2. The default screen size now fits on the smallest Chromebooks. The original screen size was a little bigger than the smallest Chromebooks, which meant the next arrow could be off the screen and the student wouldn’t see it. This resulted in them calling the teacher over who either told the student to scroll down or to zoom out and view the game at 90%.
Smiling African American female teacher standing near whiteboard and looking at schoolgirl raising hand
Photo by Katerina Holmes on
  1. We added LOADS of hints. Every page now has a header with a ? in a button the top right. Clicking on that button will give you a hint on how to solve the problem, whether it is instructions to click the colored “brush” on the right and then click the square on the “rug”, an equation to use to solve a problem for milk replacer ratio or to click the corn borers to squash them.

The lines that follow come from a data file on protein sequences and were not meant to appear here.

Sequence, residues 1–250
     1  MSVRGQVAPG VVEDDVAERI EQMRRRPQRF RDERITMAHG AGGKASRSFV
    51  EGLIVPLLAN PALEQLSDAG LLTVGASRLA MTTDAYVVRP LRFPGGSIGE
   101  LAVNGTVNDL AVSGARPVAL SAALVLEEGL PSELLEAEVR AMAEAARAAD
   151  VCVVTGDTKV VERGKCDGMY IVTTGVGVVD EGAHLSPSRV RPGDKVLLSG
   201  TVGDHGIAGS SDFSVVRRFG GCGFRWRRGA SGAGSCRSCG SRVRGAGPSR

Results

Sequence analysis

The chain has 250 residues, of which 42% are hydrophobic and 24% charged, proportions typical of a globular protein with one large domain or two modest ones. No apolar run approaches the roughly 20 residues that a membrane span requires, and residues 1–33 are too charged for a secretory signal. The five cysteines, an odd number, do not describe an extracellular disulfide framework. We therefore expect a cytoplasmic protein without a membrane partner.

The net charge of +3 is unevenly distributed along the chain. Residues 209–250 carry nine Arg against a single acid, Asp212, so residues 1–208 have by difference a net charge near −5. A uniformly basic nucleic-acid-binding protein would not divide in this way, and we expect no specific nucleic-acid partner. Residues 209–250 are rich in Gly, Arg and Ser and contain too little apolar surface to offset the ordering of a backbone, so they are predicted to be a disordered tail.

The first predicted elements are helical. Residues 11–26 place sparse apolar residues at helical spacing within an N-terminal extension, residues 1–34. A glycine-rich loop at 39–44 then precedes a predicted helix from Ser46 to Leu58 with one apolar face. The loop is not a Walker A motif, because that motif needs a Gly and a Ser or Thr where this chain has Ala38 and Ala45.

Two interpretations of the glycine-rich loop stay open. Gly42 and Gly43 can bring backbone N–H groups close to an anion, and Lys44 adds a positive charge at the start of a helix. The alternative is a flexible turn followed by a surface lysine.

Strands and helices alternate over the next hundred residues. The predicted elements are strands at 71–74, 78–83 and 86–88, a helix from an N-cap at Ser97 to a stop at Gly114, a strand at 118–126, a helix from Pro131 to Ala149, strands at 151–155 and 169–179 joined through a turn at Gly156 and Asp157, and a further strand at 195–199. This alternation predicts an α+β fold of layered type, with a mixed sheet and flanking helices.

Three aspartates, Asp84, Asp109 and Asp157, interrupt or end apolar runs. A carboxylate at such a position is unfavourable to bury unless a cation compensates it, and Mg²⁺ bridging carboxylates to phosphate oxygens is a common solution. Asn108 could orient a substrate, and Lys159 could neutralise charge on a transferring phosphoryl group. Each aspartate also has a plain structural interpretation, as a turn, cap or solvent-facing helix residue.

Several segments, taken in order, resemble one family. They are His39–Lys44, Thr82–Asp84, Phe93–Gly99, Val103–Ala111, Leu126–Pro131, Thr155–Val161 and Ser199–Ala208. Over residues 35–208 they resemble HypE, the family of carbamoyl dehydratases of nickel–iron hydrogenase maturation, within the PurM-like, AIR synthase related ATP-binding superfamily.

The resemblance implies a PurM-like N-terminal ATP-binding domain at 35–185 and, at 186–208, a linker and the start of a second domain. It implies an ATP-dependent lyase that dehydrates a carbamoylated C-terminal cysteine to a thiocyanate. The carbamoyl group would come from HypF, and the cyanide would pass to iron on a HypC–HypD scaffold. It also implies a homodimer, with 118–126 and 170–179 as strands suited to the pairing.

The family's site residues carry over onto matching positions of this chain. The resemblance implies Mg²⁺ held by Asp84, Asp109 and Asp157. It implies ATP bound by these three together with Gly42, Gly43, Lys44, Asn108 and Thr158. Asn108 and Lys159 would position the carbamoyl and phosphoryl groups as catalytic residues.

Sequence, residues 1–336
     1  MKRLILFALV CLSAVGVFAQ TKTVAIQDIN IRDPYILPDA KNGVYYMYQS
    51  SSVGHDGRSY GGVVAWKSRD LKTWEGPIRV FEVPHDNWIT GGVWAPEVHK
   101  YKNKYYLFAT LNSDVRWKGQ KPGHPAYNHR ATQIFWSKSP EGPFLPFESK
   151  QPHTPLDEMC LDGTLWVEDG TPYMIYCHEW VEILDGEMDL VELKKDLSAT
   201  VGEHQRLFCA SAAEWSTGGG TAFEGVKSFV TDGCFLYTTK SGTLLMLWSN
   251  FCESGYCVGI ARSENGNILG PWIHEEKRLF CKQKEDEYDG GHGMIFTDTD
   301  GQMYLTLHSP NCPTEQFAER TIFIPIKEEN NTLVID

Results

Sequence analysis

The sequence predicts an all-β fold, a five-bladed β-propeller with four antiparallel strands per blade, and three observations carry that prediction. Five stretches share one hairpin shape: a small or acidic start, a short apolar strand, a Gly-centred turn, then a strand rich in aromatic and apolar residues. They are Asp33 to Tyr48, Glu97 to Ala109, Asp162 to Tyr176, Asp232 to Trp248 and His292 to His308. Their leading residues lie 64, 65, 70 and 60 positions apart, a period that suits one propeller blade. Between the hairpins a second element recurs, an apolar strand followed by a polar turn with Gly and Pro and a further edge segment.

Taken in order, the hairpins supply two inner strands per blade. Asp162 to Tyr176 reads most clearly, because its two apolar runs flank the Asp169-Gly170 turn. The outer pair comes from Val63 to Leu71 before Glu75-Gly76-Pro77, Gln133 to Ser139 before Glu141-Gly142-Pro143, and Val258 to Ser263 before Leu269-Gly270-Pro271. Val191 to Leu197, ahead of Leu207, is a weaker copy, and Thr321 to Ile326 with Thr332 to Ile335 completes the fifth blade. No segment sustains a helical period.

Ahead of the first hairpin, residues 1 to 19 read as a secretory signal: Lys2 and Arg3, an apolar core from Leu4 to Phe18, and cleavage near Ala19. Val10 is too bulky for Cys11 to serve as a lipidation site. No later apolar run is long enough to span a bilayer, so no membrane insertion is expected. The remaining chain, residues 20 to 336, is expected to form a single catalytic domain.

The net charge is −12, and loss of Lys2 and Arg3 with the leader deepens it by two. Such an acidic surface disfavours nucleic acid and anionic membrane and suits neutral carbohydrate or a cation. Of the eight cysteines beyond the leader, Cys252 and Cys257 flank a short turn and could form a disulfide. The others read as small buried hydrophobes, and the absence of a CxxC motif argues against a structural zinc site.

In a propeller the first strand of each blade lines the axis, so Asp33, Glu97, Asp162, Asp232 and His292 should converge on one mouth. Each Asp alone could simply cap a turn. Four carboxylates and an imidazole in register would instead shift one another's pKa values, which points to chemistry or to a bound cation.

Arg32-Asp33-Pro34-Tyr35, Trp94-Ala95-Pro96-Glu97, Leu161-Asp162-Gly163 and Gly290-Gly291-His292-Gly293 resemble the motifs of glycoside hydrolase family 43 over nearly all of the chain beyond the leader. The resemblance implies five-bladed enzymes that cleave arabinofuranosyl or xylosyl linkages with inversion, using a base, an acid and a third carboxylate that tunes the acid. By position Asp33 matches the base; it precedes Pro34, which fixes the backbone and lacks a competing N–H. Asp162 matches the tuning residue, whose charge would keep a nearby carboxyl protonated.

2. The question applying the ratio of water to milk replacer has a random number of lambs, so it isn’t always the same problem.
  3. A hundred little changes that add up – whether it was the title not quite centered, adding wiggly corn borers to pages where these pests are discussed or an extra few pixels of padding around the score box, players don’t notice these changes individually, but they come together to make a game look more professional, and more like something students want to play.

You can learn more about Making Camp Navajo here – or just go here to play the game.

No code, no problem: 7 Gen Blocks EDU

Creating opportunities through breaking down barriers in educational game development